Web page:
On the Campaign couch
By Jeremy Bullmore, campaignlive.co.uk, Thursday, 06 December 2012 08:00AM
Dear Jeremy, I am a business director on a large UK-based brand in Slough. I have been asked by the client to find someone senior currently assigned to the account to do a six-month client-side secondment. I don’t want to send my top talent as they will refuse or defect. But neither do I want to send a poor performer (as convenient as that may be). Perhaps I should bite the bullet and just do it myself? I live in Windsor anyway, so it could mean an extra half-hour in bed.
Think it through, man (or, indeed, woman). If you take on this assignment yourself, you’ll have to leave someone in charge of the account back at the agency. If this person performs disastrously, the account will be put at risk. As a proxy client, your own influence will be both minimal and suspect; nothing you can do or say will save it. And if this person performs spectacularly well, why should the client (or, indeed, the agency) want you back when your six months is up?
Finally, it’s an established fact that all clients start work at least an hour earlier than agency people do. You might be nearer to your place of work but you’d still be getting out of bed sooner. I suggest that you keep thinking.
We’ve used a celebrity to front a long-running advertising campaign for one of our clients for some time. The celeb is pretty unpleasant, despite being more than happy to take the cash, and regardless of the irritation of having to deal with him, it’s been a success and the client has been happy making us both a bit richer. Now the client is insistent that he wants to meet him, but the celeb steadfastly refuses to do so – and I don’t want to lose the account or the celeb. How do I get out of this one?
This unpleasant celeb has an agent. The agent is even happier to take the cash than the unpleasant celeb. You call the agent and this is what you choose to tell him.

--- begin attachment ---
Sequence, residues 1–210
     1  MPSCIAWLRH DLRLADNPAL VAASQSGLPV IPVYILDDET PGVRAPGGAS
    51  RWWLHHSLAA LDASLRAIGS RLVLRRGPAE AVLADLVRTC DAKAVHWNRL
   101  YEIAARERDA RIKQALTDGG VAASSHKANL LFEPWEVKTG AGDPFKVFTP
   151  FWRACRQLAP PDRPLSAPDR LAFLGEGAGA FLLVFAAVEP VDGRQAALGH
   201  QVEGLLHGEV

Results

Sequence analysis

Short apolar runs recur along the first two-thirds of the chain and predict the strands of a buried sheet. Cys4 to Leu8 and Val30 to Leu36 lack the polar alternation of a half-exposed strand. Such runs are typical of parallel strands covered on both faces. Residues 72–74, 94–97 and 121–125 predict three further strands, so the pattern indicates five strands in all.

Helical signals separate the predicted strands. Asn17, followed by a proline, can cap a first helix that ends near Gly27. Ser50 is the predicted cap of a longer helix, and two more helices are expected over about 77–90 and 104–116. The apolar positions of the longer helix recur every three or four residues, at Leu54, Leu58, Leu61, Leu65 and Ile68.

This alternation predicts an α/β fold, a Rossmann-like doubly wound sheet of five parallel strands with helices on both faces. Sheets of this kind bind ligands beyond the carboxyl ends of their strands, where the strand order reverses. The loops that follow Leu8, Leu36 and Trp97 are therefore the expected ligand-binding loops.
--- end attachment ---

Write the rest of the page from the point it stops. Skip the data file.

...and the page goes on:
You’re hoping to persuade your client to renew the celeb’s contract for another year. The client is doubtful. While he accepts that the celeb has been successful so far, he finds him a little unsympathetic, a little stand-offish, a little aloof. While the client’s head says renew the contract, his heart just isn’t in it.
The agent has an idea: is it possible that a one-on-one meeting between the client and the celeb could help at all? You suck your teeth. "I suppose it could," you say doubtfully, "it might be worth trying. But my client’s not an easy man to please. Which is a real pity, because if he could only come to see the celeb as rather more approachable and renew his contract, it would certainly be on a rather more generous basis…"
Leave it with me, the agent says. And I think you safely may.
What happens after the meeting is, of course, out of your hands – and probably just as well.
Dear Jeremy, My advertising agency has just invited me to its staff Christmas party. I’m afraid last year I had a little too much to drink and tried to get a little too friendly with the lady that manages my account. At the time she was not forthcoming, but has recently made suggestive remarks about looking forward to partying with me at the Christmas bash. Do you think I should decline the invitation?
Aren’t you the same inadequate who wrote to me last year? And, if memory serves, the year before that? It’s the language that gives you away: the "lady" who manages your account; a "little too much" to drink; "a little too friendly"; "she was not forthcoming". How coy can you get?
Here’s the brutal truth. This lady forgave you last year and is being pleasant to you this year not because she finds you amusing or even good company but because she’s a polite person and you’re a client. Yet you’ve persuaded yourself that, should you accept this invitation, she’ll subject you to such temptation that you’ll be unable to resist. Oh dear, oh dear.
If you’re remotely interested in self-respect, accept the invitation, go to the bash, behave with impeccable charm, say thank you very much for having me, and leave early. The lady who manages your account will, perhaps for the first time, appreciate you for yourself rather than your budget.
Should you accept that third drink and start getting friendly again, you’ll have to jettison forever any plans you might have had to be a grown-up.
In any event, please do not write to me again.
Meanwhile, a very happy Christmas to all my other readers.
"Ask Jeremy", a collection of Jeremy Bullmore’s Campaign columns, is available from Haymarket, priced £10. Telephone (020) 8267 4919
Jeremy Bullmore welcomes questions via email@example.com or Campaign, 174 Hammersmith Rd, London W6 7JP
This article was first published on campaignlive.co.uk
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